Diet, Environmental Issues & Fertility

Diet, Environmental Issues & Fertility

As time goes on we are learning more about some simple lifestyle and environmental issues that can affect a couple’s chance of conceiving. We all know the obvious ones like stopping smoking, using recreational drugs, excessive drinking, but here are a couple I bet you did not know.

One important lifestyle issue is diet. If you’re trying to have a baby, eating fish might help. Researchers interviewed 501 couples who were trying to get pregnant without medical assistance. All kept diaries on their diet and other health and behavioral habits, including fish consumption and frequency of sexual intercourse. They followed the pairs for a year or until pregnancy. They found that men who had two or more four-ounce servings of fish a week had a 47 percent shorter time to pregnancy, and women a 60 percent shorter time, than those who ate one or fewer servings a week.

Partners who ate fish also had sexual intercourse, on average, 22 percent more frequently, but the association of eating fish with pregnancy persisted even after controlling for frequency of sex. By 12 months, 92 percent of couples who ate fish twice a week or more were pregnant, compared with 79 percent among those who ate less.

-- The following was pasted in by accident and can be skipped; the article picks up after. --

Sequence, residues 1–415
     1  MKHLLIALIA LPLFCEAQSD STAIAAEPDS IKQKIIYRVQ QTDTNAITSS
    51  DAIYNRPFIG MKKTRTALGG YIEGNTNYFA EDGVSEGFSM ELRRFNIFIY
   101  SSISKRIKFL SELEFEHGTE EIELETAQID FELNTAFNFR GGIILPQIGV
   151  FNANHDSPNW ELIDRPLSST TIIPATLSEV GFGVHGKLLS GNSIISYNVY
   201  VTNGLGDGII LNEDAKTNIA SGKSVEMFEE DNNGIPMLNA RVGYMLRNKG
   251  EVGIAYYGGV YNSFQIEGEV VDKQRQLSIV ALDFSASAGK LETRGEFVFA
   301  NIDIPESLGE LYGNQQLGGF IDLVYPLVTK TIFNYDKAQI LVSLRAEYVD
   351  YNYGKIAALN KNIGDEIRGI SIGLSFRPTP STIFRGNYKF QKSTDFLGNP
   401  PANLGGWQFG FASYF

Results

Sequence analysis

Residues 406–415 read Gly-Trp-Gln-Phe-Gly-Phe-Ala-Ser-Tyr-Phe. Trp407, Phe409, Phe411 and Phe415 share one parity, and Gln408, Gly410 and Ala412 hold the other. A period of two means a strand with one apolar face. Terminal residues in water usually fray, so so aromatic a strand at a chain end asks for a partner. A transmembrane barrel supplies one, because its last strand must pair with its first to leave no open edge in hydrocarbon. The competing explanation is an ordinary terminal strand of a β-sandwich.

On the environmental front: Closing coal- and oil-fired power plants cuts air pollution in nearby communities, and two new studies also show that shuttering plants boosts fertility rates and reduces the number of preterm births. Researchers from the University of California, Berkeley, looked at fertility rates and the prevalence of preterm births before and after eight power plants closed from 2001 to 2011 in California. Fertility rates among nearby populations appeared to rise after coal and oil power plants were closed. The study, published in Environmental Health, analysed 58,909 live births. It says researchers estimated, using adjusted models, that annual fertility rates among women between the ages of 15 and 44 who lived within about three miles of the shuttered power plants increased by eight births per 1,000 women. They increased by two births among those within about 3 to 6 miles of power plants, according to the study.

For more information please see our Lifestyle & Fertility page.

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